Fred Hutch’s new initiative to foster inclusivity in science and health through art and dialogue


The project is also a way for the Hutch to help lead social and scientific change in the Pacific Northwest, he said.

“As a major Seattle employer, our support for social justice in our city is essential to our role as citizens of Seattle and [the] His Puget [region]“said Lynch.

Leaders of the initiative envision the public art and community dialogue program as a new way for Hutch to connect with people who may feel the doors of science are closed to them, and break down more the barriers that can cut science off from the wider community.

“Engaging in this dialogue is a way to support the change we need to make as a society as we work towards greater inclusion and equity,” Buckley said.

A concrete commitment

The Hutch raised its Black Lives Matter banner and flag in June 2020 in support of racial justice and equality, and the first commissioned piece to be displayed will feature a message of solidarity created by a black artist.

“We remain committed to this effort. We recognize that by increasing the [Black Lives Matter] flag is also to convey someone else’s message. This is an opportunity for us to explore our message and communicate our message with as much strength and power as the Black Lives Matter flag communicates, in solidarity with the black community and with thoughtful reflection on our mission and purpose. said Buckley.

The new initiative is a chance to send a message that will resonate within the Fred Hutch and Seattle Cancer Care Alliance communities, and beyond, said John Masembe, SCCA patient navigator, who works with black and African American patients. and is a member of the committee. should consider submissions from black artists.

“We want to let you know that we hear you and see you. We embrace your culture, embrace your background and respect your values,” said Masembe, who is the son of Ugandan immigrants, and envisions a message that embraces the interdependence of Black, African American and African immigrant communities.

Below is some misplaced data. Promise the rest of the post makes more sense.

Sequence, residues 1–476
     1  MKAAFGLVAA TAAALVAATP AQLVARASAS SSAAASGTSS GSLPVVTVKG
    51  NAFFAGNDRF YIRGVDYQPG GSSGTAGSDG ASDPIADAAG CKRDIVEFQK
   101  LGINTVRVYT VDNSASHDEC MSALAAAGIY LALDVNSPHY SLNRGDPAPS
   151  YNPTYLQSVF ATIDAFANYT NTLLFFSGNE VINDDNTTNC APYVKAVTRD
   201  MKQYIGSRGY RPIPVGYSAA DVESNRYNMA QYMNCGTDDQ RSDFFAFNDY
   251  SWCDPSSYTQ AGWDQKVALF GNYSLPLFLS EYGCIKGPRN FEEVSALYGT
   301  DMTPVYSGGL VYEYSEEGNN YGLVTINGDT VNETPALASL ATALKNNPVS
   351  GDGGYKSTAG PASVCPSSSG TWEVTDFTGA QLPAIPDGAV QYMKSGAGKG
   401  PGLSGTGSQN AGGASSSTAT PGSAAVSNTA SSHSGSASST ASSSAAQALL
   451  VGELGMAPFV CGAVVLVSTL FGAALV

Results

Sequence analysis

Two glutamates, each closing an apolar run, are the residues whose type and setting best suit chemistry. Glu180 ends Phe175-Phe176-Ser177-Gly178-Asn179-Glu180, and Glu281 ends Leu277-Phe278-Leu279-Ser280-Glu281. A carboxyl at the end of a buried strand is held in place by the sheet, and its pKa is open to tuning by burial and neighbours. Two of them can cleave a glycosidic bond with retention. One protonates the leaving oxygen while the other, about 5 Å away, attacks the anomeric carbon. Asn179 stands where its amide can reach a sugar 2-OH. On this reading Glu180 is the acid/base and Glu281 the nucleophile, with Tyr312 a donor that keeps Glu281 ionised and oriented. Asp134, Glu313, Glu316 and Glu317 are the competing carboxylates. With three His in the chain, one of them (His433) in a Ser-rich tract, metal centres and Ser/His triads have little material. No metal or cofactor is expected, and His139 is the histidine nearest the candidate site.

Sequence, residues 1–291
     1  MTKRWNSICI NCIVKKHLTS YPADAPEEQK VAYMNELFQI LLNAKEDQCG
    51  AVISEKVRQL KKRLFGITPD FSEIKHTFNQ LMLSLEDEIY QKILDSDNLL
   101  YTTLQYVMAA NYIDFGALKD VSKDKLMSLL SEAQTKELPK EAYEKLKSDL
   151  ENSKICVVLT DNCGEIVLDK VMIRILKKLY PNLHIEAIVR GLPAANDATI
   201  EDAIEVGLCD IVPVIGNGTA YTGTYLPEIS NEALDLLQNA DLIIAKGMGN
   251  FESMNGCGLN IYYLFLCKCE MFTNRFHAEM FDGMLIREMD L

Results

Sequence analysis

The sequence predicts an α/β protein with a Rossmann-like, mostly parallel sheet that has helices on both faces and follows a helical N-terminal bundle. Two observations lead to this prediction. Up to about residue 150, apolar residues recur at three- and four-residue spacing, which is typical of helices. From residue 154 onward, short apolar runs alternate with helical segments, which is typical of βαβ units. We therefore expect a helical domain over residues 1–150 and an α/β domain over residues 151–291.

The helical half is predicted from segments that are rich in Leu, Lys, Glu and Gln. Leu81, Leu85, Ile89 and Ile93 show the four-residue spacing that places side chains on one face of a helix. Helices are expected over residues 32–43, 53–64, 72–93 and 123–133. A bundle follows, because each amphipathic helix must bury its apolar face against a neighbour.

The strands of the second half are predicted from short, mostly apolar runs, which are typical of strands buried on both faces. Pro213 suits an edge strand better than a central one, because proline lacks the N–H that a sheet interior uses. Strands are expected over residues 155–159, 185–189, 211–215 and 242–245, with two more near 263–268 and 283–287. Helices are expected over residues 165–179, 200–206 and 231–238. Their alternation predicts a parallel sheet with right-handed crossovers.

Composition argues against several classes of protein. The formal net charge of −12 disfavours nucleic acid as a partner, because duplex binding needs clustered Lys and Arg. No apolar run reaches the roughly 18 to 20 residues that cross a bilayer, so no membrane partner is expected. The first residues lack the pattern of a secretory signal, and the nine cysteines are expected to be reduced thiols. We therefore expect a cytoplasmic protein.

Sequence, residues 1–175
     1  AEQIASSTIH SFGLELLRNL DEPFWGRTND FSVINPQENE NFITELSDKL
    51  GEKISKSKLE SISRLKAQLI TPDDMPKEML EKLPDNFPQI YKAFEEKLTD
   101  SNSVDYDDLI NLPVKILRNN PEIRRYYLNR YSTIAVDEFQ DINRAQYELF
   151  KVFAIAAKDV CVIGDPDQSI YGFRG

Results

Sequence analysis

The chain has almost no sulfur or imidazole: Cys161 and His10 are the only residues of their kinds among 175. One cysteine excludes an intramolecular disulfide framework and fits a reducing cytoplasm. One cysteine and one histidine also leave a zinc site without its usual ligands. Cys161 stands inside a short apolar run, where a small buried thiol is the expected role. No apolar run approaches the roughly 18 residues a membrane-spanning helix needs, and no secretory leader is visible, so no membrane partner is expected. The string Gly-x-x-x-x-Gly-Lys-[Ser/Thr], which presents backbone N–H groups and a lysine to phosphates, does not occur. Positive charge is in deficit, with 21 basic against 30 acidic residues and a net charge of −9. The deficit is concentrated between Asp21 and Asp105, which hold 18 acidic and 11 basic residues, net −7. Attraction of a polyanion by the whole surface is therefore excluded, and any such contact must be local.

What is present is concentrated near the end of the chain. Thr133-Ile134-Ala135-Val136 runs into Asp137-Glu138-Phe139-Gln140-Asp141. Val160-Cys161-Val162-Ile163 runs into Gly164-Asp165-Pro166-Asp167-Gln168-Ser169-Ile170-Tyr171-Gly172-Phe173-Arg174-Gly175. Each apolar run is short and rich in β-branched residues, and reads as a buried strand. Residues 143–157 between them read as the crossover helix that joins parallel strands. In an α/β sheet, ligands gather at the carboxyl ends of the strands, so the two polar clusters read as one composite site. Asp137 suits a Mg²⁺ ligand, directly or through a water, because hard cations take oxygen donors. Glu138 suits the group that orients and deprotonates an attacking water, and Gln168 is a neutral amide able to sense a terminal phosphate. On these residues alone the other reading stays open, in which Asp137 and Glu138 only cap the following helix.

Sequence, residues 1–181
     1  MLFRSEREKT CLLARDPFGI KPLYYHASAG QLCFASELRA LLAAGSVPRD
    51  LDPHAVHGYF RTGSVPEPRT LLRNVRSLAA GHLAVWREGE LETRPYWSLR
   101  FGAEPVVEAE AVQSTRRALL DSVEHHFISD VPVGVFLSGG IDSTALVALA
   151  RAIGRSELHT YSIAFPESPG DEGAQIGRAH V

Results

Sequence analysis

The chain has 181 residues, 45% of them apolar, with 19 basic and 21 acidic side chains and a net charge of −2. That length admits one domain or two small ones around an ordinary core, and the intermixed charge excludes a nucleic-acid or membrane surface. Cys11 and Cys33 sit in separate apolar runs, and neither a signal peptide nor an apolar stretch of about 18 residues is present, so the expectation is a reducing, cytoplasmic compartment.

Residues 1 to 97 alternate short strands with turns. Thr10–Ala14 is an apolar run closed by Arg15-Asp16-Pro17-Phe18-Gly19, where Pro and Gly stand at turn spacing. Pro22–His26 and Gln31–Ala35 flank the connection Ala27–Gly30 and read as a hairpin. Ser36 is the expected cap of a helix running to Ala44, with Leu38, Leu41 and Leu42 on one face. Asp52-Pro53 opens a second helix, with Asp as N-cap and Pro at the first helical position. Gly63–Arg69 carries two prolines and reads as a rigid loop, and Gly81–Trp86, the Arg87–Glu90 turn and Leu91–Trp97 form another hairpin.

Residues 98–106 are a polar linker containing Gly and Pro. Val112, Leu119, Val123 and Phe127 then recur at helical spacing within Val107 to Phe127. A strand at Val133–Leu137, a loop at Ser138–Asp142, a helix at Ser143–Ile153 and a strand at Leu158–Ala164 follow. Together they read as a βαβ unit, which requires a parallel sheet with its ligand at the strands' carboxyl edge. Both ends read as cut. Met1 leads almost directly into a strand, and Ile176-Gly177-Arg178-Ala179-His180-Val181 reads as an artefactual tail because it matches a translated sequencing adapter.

Participating artists will draw inspiration from their own experiences, communities and exchanges with Hutch researchers. As part of their creative process, the selected artists will meet and dialogue with scientists and supporters of science in all areas of the center’s administration. Buckley, Masembe and other project leaders, including Nikkita McPherson, Hutch Diversity, Equity and Inclusion Educator and Learning Specialist, hope this exchange of views will inspire new ideas for all. people involved, enhancing both artistic and scientific goals. The effort will be a collaboration between the artist and the Hutch scientific community.

“The beautiful part of this is that we’re creating it together, aren’t we?” said McPherson, who will facilitate dialogues between the artist and Hutch employees. “And we’re not making any assumptions. We have no preconceived ideas about what will come out of it. It’s about putting into practice what we’ve been talking about for over a year in terms of our anti-racism work and doing it through a medium that I love, which is art.

McPherson, who is also a member of the committee responsible for reviewing submissions from black artists, noted that the program’s ideals have deep roots at the Hutch. The Fred Hutch/University of Washington Cancer Consortium Office of Community Outreach and Engagement, or OCOE, conducts and facilitates research that connects with underrepresented and underserved communities across Washington to reduce inequities in care and cancer research. The HIV Vaccine Trials Network, headquartered in Hutch, has helped pioneer inclusive HIV vaccine science and served as a model for inclusive COVID-19 vaccine studies. Several of Hutch’s high school and undergraduate internships are designed to nurture young scientists from underrepresented backgrounds.

“To say we’re anti-racist is to say we’re ready to be together in the community,” McPherson said. “We have to be willing to dialogue, which is different from debate, which is different from conversation, which is different from discussion. And being in dialogue with each other means that we say that we will approach [injustice] and also create something together to move forward. … [With this new project,] I am happy about what could happen and optimistic about what could happen.

Previous USC Civil Rights Center Gets $1.5 Million to Expand Exhibit and Host Two-Part Event at Sumter Museum
Next The interest on my tax debt is accumulating. Should I pay it back with a loan?